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Tuesday 10th April 2012

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Filmed in the Grenadines, Vanishing Sail tells the story of trading by sail in the West Indies, and follows a community of boat builders in Carriacou who struggle to maintain their tenuous grip on a dying skill.  Through a collection of dramatic sailing scenes, rare archival footage and unprecedented interviews with the last old Caribbean Sea Captains, Vanishing Sail seeks to preserve the legacy of boatbuilding in the Grenadines, first introduced by Scottish settlers in the 19th century.

Crafted on the beach, with skills passed down the generations, these schooners and sloops worked the trade winds, fishing and carrying cargo - including contraband from St. Barthelemy where the smuggling trade in alcohol and cigarettes thrived until the 1970's.

Filming is now 80% complete but Alexis and his team need to make two more production trips to the Grenadines to record the stories of a sea people before they are lost forever.  They also plan to film the Carriacou sloop that is being built by one of the last active boatbuilding families on the island.

In order to fund the remaining production of the film, Alexis seeks to raise a minimum of US $48,000.  He has teamed up with Kickstarter, the world’s largest funding platform for creative projects.  A deadline of May 17, 2012 has been sent within which to raise the US $48,000 and it is an ‘all or nothing’ fundraising platform.  If it doesn’t meet the minimum goal, none of the funds will be collected and the project will stall.

Antigua’s Yachting Insider had a chat with Alexis Andrews about his passion for Carriacou sloops, his film production and his fundraising efforts:

When is it that you became so interested in Carriacou Sloops?

In 1997 I purchased an old Carriacou sloop that had sunk in Antigua, rebuilt the vessel and sailed to the Grenadines to meet its creator. It was on that first visit that I fell under the spell of Windward.

Why do you think this small island in the Grenadines is so important?

By the time I arrived in Carriacou, trading by sail had already ceased in most of the islands in the Eastern Caribbean but here was a village where the skills were very much alive. I felt however that it was just a matter of time before these small islands followed their neighbors so I began to photograph their way of life.

When did you begin to capture the process of building Carriacou sloops?

I would return each summer for the project to sail and fish with the old men but there were no more sloops being built. It seemed the only way to document this process was to build one myself. And so the story of Genesis began. After 18 months we launched her and sailed to Antigua for the Classics. The following year Carriacou Sloops Vol. I & II was published as a limited edition book set, the result of a ten year photo essay on the last boat builders of the Grenadines.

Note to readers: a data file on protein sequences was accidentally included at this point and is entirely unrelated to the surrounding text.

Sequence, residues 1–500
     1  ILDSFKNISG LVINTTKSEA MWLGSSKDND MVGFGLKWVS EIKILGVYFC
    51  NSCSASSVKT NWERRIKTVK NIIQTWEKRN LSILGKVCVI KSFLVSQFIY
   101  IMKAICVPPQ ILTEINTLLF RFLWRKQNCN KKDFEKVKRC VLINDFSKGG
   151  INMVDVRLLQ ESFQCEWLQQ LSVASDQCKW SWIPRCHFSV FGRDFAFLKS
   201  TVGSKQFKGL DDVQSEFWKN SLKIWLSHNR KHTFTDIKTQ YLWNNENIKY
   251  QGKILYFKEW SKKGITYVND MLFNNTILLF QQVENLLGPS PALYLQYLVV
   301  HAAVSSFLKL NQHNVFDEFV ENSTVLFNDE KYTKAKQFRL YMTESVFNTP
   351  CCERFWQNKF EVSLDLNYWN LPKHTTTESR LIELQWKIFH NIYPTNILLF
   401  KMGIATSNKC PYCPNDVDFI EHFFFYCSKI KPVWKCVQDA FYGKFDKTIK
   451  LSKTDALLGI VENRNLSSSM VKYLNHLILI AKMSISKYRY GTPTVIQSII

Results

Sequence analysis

At what point did you decide to develop a film about the project and the tradition?

Since Genesis' launch in 2005 there have been six more sloops built and a seventh currently in frames on the beach in Windward. This new interest had created a need to tell a wider story through film and so I began to sail to other islands to interview people who shared their stories with me of an earlier time before tourism reached our islands.

Who else is involved in the project creatively?

This film has gone through many stages of development. Acquafilms has been instrumental since the beginning, covering these boats in regattas and Ray Linnington convinced me to persist with the idea. Shab Kirchner has also filmed in Carriacou and worked on the trailer edit. Recently Onne Van der Wall of Newport has joined the growing list of filmers and of course Charles Hambleton remains a constant source of inspiration. Many more people have contributed to this project with research material, film, music, archive footage, image collections and support.

How much money do you need to raise to develop the full film?

With Kickstarter we hope to raise initial funding of US$48K. This will cover the last stage of filming and begin the post production process: hiring a co-writer to help craft the story, then working with video editors and a professional narrator, plus sound studio rental. The next stage will be to seek funding for archive film usage, music rights and creating an original score for the film. The more we can raise, the better the final product.

When can we hope see the final film?

Provided funding goals have been reached, we hope to be ready to enter the Film Festival circuit in 2013 followed by a general release at the end of that year, but backers who support the Kickstarter campaign will be the first to receive the final movie!

To support the project please go to:
For more information, please visit

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